Since the makers of Eragon were borrowing so heavily from Star Wars, why did they stop with the story? Why didn't they look at what made Star Wars such a popular success? The tone, the pacing, the sense of humour, the little touches which made it fun? Where are the memorable supporting characters? Where are Artoo and Threepio? More importantly, where's Han Solo? This movie badly needed a Han Solo, a wisecracking cynic with whom audience members who'd passed puberty could identify. In his place, there's a mysterious fellow played by Garrett Hedlund, who looks and acts like Christian Slater's character from Robin Hood: Prince Of Thieves. Now that's just not quite the same thing, is it?
Couldn't the movie's world have looked a bit more colourful and less like it was shot on the same sets as every other Tolkien-style fantasy movie and with the same costumes? About the only original visual idea is that the dragon is blue and inspired by a cat. I liked that. Otherwise the dragon Saphira, voiced by Rachel Weisz, might as well be the female twin of Draco, the one Sean Connery played in Dragonheart. Draco talked while Saphira communicates by telepathy but their personalities are quite similar.
The acting is, with one exception, very unimpressive. That exception is Jeremy Irons. He ought to have known better than to appear in any more films featuring dungeons and dragons but, to his credit, he's the only cast member to transcend the material. His performance as Brom is funny and touching. Somehow Irons brings real feeling to the part.
No one else does. As the hero Eragon, English newcomer Edward Speleers looks like he's from the same boy band as Stormbreaker star Alex Pettyfer and he has two expressions: acting indignant and grinning inanely. Sienna Guillory, the nominal heroine, hardly seems to be in the movie. I got the feeling her character becomes more relevant in future installments. Odds on she's Eragon's sister.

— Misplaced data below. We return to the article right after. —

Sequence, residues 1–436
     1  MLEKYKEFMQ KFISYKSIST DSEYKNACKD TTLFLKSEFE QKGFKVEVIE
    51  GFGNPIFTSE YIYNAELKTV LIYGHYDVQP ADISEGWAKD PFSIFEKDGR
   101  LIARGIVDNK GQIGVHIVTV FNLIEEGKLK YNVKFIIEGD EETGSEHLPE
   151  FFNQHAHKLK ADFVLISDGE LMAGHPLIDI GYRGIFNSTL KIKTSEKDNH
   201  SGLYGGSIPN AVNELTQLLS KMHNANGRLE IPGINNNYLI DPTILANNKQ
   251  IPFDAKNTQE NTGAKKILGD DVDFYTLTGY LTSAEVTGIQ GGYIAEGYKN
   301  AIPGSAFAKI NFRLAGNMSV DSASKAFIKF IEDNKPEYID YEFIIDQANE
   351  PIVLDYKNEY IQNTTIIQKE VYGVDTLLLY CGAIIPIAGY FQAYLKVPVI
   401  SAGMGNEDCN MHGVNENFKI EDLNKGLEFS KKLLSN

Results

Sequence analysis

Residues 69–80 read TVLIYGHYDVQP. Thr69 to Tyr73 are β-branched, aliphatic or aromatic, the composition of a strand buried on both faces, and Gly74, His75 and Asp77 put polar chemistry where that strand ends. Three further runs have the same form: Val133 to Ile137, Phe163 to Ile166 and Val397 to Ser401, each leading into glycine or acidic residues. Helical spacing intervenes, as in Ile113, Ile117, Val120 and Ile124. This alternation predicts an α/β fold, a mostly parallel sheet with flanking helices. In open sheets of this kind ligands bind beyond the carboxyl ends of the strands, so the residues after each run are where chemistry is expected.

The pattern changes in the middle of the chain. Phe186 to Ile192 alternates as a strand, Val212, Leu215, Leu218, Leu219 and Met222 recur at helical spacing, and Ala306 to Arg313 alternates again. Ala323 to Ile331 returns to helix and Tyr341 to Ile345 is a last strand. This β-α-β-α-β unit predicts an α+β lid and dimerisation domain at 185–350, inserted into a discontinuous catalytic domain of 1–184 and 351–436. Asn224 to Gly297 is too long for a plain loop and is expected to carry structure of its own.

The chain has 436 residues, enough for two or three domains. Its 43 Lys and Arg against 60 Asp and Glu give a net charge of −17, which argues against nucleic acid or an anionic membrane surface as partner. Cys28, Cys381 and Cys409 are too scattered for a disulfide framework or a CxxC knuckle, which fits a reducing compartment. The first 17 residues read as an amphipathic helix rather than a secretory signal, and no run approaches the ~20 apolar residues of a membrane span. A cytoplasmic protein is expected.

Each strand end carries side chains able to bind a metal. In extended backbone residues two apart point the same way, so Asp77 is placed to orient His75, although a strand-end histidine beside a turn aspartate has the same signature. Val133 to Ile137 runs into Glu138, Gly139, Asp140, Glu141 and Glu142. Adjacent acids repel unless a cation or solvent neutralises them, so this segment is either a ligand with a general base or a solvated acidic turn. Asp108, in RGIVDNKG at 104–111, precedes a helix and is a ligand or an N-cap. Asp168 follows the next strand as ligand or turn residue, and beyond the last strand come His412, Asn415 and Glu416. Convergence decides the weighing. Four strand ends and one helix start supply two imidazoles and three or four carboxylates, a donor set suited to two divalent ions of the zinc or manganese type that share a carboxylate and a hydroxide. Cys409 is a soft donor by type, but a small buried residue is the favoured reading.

As the villains of the piece, John Malkovich and Robert Carlyle are so heinously over the top, it's difficult not to laugh. They hiss, roll their eyes and bark out their awful dialogue as if they were doing pantomime. I don't think I've ever seen Carlyle give a bad performance before but he's made up for it with this one.
Yes, that is R'n'B singer Joss Stone playing the weird gypsy fortune teller. She has one scene. Your guess is as good as mine why whoever was casting the weird gypsy fortune teller thought of Joss Stone or why the attractive, young pop star thought this would be a good way to get into films.
The upside to all this is that Eragon is so clumsy, so misguided and so shameless in its stealing that it's amusingly bad rather than tediously so. Bad movies today are so slick and so boringly mediocre that to find one that's so terrible, it's quite fun is a treat of sorts. The running time, under an hour and three quarters, the hurried pace and the ample amount of action mean that you never get bored. And there's Jeremy Irons, bless him, acting his socks off as if he was in something worthwhile.
You certainly shouldn't rush out and see Eragon, not with quality entertainments like Casino Royale, Deja Vu and Happy Feet in cinemas, but if it comes on TV when you're bored or if you need a fourth DVD to make up a 4 for £20 offer on the high street, it might be worth a look. If you like really trashy films, or you just have very low standards in entertainment, you may find you enjoy it.
Note: Despite its PG rating, Eragon contains some surprisingly hard-edged violence. Its young hero proves to be nearly as enthusiastic about killing as John Rambo. The lad kills his enemies with relish while his dragon burns thousands alive in the final battle. There's also a fair bit of torture. You might want to take that into account before bringing small children.